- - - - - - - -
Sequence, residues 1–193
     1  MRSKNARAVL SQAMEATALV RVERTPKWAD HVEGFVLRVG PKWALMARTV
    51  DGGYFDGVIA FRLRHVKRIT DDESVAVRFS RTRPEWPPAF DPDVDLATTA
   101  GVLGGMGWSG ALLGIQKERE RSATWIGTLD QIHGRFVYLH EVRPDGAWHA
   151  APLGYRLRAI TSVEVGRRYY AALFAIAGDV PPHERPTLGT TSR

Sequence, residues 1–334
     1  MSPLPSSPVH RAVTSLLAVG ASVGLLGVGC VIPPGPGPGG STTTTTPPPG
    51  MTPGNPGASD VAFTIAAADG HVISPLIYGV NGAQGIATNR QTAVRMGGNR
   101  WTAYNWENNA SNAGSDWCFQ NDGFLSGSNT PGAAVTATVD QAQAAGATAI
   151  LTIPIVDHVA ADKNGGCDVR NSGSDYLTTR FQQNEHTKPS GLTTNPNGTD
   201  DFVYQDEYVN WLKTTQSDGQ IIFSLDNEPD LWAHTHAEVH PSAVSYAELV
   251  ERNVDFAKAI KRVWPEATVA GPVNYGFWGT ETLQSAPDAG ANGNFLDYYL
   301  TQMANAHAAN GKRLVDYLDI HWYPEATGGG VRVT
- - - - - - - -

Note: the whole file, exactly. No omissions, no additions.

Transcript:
Sequence, residues 1–193
     1  MRSKNARAVL SQAMEATALV RVERTPKWAD HVEGFVLRVG PKWALMARTV
    51  DGGYFDGVIA FRLRHVKRIT DDESVAVRFS RTRPEWPPAF DPDVDLATTA
   101  GVLGGMGWSG ALLGIQKERE RSATWIGTLD QIHGRFVYLH EVRPDGAWHA
   151  APLGYRLRAI TSVEVGRRYY AALFAIAGDV PPHERPTLGT TSR

Sequence, residues 1–334
     1  MSPLPSSPVH RAVTSLLAVG ASVGLLGVGC VIPPGPGPGG STTTTTPPPG
    51  MTPGNPGASD VAFTIAAADG HVISPLIYGV NGAQGIATNR QTAVRMGGNR
   101  WTAYNWENNA SNAGSDWCFQ NDGFLSGSNT PGAAVTATVD QAQAAGATAI
   151  LTIPIVDHVA ADKNGGCDVR NSGSDYLTTR FQQNEHTKPS GLTTNPNGTD
   201  DFVYQDEYVN WLKTTQSDGQ IIFSLDNEPD LWAHTHAEVH PSAVSYAELV
   251  ERNVDFAKAI KRVWPEATVA GPVNYGFWGT ETLQSAPDAG ANGNFLDYYL
   301  TQMANAHAAN GKRLVDYLDI HWYPEATGGG VRVT